This week, the Senate Education Committee approved Senate Bill 441, which would restore the five-day school week. But some districts say the change would hinder the progress they've seen. 

According to the Oklahoma Department of Education, there are 208 schools, in 92 Oklahoma districts that participate in four-day school weeks. The bill would require all public schools to be in session for no less than 180 days a year.

The districts originally said they moved to four-day weeks to save money. But lawmakers say the savings have been minimal, and the schedule isn't properly preparing students. 

“The reality is when you go into the workforce, it's not going to be, in many cases, not even a five-day work week. But sometimes even a six-day workweek,” said Sen. Marty Quinn, R-Claremore. 

But Noble Public Schools, and several other districts say the benefits academically, outweigh the money saved by participating in four-day weeks.

“We've decreased the percentage greatly on how many times our kids are not in front of the actual teacher because they have to miss for an activity,” said Tony Smith, Assistant Superintendent of Noble Public Schools.

Smith also says, their overall ACT scores have risen this past year. He wants more time to study the pros and cons before the four-day weeks are taken away.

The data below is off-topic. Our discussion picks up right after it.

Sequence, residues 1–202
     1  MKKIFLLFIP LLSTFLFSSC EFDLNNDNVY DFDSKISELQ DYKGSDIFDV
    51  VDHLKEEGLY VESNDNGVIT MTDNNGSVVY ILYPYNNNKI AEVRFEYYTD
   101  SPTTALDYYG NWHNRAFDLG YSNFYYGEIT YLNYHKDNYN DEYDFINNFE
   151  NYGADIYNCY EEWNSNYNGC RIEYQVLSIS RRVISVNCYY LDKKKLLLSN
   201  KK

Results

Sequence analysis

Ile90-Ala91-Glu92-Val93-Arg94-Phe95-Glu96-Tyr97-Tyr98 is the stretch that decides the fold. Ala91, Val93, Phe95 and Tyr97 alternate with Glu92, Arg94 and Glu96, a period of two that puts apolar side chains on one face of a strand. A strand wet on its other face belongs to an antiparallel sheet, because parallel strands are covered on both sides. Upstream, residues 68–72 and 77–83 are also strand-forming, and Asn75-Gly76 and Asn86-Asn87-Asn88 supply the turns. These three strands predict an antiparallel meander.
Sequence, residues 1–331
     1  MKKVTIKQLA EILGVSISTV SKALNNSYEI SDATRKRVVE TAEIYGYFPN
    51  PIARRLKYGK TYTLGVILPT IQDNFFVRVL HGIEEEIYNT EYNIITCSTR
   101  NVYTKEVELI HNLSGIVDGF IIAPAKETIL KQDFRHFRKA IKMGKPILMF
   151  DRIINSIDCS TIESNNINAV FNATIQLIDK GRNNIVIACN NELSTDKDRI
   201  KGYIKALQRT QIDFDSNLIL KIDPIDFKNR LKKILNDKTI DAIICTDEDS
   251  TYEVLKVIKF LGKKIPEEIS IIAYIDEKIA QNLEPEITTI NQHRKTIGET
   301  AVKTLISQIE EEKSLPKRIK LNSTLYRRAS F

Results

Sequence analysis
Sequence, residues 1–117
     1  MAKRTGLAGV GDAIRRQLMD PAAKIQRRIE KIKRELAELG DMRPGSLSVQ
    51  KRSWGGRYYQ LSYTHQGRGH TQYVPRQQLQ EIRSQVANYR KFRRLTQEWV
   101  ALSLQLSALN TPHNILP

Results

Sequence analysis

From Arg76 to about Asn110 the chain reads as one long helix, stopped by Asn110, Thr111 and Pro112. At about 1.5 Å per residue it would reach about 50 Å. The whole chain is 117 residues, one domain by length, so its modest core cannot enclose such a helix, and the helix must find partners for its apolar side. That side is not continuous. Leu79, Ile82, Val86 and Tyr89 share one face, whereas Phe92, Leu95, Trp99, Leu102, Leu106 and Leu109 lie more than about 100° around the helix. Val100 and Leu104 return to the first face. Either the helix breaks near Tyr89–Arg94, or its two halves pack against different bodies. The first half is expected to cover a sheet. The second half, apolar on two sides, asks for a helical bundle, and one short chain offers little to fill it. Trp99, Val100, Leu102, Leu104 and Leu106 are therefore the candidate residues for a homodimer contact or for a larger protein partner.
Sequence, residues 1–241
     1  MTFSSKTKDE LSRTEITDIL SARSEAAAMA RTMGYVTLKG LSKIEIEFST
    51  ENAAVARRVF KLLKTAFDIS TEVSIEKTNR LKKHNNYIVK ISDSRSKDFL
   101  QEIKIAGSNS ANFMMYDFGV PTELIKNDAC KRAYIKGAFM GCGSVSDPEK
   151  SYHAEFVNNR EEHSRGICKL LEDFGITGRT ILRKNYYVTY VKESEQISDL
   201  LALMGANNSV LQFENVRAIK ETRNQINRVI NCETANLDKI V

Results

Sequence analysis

“Why do we get away from that local decision? And the local control of making that decision of what's best for our school?” he added.

Students and parents are also chiming in to discuss the bill.

“Me personally, my grades have improved a lot more since the four-day school weeks,” said Newcastle High School Senior, Aubree Jones.

One parent from Crescent Public Schools tells News 9 in part, "We are a small school within a small district. We shouldn't be compared to the bigger school. Our situations are different…”

Some lawmakers claim four-day weeks have resulted in a loss of teachers and businesses.

So, district officials are now calling on legislators for those statistics to be released.

However, this bill will allow for flexibility if school districts can prove that four-day weeks aren't impacting student achievement and are saving the local district money.